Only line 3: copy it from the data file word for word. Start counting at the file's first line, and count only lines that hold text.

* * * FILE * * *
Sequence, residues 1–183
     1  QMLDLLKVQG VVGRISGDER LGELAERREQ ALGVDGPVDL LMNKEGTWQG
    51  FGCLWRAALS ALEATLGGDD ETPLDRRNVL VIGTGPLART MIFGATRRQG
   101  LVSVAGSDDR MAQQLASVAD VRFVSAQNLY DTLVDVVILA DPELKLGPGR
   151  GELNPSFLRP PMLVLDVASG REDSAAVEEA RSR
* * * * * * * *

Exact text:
    51  FGCLWRAALS ALEATLGGDD ETPLDRRNVL VIGTGPLART MIFGATRRQG